Columns (LC)

  • µPAC<sup>™</sup> micro-chip chromatography for mAb and ADC characterisation
  • Figure 5 : Remicade originator and candidate biosimilar
  • Figure 6 : Herceptin and kadcyla

µPAC micro-chip chromatography for mAb and ADC characterisation

Nov 22 2017 Read 1314 Times

The boundaries of technology can be pushed significantly when insights from different fields are brought together to compound. PharmaFluidics has combined expertise from the analytical chromatography and semiconductor chip manufacturing industries to create a new type of LC column.

Conventional LC columns contain randomly packed beads as their stationary phase. In contrast, PharmaFluidics uses a lithographic etching process to create a perfectly ordered separation bed on a silicon chip. These new types of micro-chip based chromatography columns were named micro Pillar Array Columns or µPAC.

The low ‘on-column’ dispersion, obtained thanks to the perfect order, virtually eliminates axial peak dispersion, resulting in higher column plate numbers with sharper peaks and higher concentration of compounds. The freestanding nature of the pillars also leads to much lower backpressure allowing the use of very long columns. These exceptional properties result in excellent chromatographic performance with high-resolution and high sensitivity. This new approach significantly improves LC analysis in complex mixtures of biological samples.

Furthermore, the micromachined separation bed in the µPAC™ forms a rigid structure that is perfectly symmetrical allowing bidirectional operation without any risk of stationary phase compression, column deterioration or stationary phase leakage. Finally, each micro-chip is identical due to the lithographic production process. Therefore, the µPAC™ column is experienced as a very robust high-resolution separation tool.

An innovative LC-MS approach for mAb and ADC characterisation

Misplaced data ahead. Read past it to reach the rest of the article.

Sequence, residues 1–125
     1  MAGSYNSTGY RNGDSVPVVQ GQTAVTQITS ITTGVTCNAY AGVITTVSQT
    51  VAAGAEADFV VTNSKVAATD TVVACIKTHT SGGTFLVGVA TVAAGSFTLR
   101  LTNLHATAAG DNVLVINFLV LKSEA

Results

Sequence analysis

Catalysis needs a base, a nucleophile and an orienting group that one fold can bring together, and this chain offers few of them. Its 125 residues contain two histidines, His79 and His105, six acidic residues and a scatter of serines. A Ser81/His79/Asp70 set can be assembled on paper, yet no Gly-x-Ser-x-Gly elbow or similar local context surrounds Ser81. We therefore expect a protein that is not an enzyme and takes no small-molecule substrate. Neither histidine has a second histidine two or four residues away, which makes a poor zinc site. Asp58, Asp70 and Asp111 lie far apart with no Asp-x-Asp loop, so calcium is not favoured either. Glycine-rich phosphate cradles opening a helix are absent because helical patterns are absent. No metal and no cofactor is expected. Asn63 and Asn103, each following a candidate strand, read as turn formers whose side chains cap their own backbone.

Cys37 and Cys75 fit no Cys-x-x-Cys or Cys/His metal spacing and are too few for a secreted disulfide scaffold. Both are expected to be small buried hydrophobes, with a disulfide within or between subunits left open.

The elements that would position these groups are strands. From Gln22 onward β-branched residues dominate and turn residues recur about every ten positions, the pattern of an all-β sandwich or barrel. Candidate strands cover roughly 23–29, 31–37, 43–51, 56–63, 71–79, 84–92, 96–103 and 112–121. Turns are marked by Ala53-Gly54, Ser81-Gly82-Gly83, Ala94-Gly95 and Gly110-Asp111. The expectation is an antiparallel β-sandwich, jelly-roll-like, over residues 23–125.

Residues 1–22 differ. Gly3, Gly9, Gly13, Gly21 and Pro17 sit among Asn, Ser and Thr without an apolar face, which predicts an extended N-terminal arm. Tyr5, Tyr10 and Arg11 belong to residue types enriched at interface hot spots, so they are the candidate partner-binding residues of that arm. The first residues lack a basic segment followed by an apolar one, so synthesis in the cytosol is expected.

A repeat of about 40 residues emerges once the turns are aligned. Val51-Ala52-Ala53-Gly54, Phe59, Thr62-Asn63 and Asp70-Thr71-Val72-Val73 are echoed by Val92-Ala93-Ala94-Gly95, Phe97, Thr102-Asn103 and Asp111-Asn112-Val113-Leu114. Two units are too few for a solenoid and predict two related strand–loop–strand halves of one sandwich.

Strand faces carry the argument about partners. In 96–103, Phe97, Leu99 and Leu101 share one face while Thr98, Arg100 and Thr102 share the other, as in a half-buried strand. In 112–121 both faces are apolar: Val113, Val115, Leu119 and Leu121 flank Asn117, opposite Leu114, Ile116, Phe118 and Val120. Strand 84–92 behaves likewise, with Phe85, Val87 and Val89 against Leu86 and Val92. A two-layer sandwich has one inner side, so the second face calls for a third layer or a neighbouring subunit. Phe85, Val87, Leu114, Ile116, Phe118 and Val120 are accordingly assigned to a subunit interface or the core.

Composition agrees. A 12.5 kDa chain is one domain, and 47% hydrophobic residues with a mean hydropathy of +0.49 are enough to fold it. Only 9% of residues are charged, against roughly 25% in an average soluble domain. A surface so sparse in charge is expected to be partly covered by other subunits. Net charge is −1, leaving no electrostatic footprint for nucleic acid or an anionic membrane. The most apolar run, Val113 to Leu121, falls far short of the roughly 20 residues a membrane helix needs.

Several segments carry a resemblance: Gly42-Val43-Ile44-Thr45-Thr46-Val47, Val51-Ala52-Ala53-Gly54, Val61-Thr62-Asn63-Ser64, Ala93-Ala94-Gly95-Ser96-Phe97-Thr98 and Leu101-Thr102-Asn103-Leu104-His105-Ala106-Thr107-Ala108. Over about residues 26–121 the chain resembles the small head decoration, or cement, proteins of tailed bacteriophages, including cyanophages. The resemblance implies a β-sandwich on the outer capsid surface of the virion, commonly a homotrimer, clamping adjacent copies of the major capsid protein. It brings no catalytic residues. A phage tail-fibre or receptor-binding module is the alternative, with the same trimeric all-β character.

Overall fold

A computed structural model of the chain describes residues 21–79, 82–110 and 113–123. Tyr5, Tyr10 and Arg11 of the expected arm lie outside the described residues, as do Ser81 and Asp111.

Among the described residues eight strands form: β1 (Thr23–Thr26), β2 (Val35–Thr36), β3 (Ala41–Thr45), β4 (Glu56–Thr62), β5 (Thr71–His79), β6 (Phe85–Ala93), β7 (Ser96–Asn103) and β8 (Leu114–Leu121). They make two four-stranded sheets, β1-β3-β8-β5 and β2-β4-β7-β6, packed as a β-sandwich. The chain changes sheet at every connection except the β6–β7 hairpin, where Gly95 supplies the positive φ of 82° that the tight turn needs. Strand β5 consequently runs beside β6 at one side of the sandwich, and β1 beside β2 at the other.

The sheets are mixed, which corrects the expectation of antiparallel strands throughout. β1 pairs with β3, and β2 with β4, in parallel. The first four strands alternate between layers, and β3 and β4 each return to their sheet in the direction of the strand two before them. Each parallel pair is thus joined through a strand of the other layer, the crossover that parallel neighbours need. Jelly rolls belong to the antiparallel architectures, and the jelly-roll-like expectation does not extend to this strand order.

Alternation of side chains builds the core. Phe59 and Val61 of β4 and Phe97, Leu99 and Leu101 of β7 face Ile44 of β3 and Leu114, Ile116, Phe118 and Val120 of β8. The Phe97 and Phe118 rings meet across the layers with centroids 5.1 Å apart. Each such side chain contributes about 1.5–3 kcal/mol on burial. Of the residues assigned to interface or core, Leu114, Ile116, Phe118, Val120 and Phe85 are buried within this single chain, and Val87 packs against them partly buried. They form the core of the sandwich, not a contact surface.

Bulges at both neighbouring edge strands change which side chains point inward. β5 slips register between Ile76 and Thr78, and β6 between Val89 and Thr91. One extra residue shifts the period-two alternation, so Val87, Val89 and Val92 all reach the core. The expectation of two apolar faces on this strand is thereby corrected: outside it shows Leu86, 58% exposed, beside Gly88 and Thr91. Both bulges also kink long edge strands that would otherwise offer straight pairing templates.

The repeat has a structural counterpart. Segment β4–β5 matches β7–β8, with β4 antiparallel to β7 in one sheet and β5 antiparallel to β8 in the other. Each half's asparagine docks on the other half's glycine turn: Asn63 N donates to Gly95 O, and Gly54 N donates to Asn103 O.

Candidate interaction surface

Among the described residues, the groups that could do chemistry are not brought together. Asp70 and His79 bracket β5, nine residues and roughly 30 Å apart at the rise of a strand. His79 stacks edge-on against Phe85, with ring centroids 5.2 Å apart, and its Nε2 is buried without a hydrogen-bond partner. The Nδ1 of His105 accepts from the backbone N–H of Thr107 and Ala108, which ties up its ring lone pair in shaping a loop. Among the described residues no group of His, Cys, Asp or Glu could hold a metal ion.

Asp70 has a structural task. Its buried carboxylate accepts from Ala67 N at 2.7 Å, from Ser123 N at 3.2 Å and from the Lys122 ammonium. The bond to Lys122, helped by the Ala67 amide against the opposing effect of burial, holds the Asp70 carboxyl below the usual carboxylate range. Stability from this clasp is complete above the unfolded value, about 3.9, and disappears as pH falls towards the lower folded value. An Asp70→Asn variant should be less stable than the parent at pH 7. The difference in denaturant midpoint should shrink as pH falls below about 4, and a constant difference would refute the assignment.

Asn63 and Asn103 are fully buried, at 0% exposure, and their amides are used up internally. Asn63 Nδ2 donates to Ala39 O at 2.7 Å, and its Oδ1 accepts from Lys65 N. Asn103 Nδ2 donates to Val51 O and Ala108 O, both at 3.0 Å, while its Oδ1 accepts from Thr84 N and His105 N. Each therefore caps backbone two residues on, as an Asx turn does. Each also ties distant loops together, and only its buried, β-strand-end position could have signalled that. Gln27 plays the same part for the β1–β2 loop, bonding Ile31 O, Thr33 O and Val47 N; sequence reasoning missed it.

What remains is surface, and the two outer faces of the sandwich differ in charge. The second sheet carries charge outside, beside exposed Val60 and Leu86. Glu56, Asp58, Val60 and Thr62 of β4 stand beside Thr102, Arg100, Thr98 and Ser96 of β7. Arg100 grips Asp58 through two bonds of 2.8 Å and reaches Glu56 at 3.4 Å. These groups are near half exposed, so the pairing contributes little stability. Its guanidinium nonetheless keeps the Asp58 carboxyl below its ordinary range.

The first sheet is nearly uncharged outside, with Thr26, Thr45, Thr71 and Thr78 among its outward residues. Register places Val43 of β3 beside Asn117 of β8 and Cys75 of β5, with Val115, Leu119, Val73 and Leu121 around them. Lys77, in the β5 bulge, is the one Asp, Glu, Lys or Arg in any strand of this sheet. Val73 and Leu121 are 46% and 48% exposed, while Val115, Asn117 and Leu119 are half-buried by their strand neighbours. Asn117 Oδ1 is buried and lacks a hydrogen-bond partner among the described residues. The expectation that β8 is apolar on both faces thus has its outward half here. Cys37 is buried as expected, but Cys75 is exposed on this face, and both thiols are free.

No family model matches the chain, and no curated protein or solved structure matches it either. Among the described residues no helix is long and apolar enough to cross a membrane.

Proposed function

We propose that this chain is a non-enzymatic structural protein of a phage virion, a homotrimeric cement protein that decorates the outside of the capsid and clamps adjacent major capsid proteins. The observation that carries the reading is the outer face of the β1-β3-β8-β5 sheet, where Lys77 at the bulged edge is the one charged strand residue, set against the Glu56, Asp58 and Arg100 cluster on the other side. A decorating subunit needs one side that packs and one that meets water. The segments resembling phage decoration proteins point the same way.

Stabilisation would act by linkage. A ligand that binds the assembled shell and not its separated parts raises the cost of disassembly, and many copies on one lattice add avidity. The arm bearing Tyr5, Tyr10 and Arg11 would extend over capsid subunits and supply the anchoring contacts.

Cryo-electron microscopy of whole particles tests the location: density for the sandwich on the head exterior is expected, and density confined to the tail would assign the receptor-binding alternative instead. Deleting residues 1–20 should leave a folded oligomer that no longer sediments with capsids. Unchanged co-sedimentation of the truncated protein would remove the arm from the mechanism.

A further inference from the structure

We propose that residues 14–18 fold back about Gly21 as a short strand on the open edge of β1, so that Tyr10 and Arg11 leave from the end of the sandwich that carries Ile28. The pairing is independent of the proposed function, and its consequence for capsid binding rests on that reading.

Opposed to small molecule drugs, mAbs are large (ca.150 kDa) and heterogeneous in nature. Small modifications such as glycosylations or deamidations can have a tremendous influence on the therapeutic efficacy of the compound. Many biopharmaceutical compounds are antibody-drug conjugates (ADC), where the antibodies are used to guide cytotoxic drugs to specific cells. This conjugation can happen on different sites, creating different isomers, further increasing complexity.

The value of µPAC columns in characterising mAbs was demonstrated recently. Using Herceptin® and a candidate biosimilar, the prevalence and location of post-translational modifications could be determined reliably. In an analysis of the ADC Kadcyla®, µPAC’s resolving power allowed an in-depth study of conjugation sites and achieved the separation of isomeric conjugated peptides (figure 6)*. Finally, when comparing Remicade® and a candidate biosimilar, point mutations could be identified (figure 5)*. As regulatory authorities consider an identical primary sequence primordial to similarity, this biosimilar candidate should be ruled out for further development. Being able to do this in an early stage, or confirming similarity in such detail is of the greatest importance both for biopharmaceutical companies and the regulatory authorities. *(Please see images to refer to figure 5 and 6)

Join the µPAC™ community

When screening complex biological samples to discover rare molecules or when searching for tiny differences to characterize mAbs and ADCs, the µPAC™ column should be a part of your analytical laboratory. PharmaFluidics’ μPAC™ technology (micro Pillar Array Column) is unique in its kind as it is built upon the precise micromachining of designed pillar array separation beds into silicon. Due to its smart design, data productivity and robustness is no longer a concern in nano-LC.

For more information on µPAC technology and its applications please click here.

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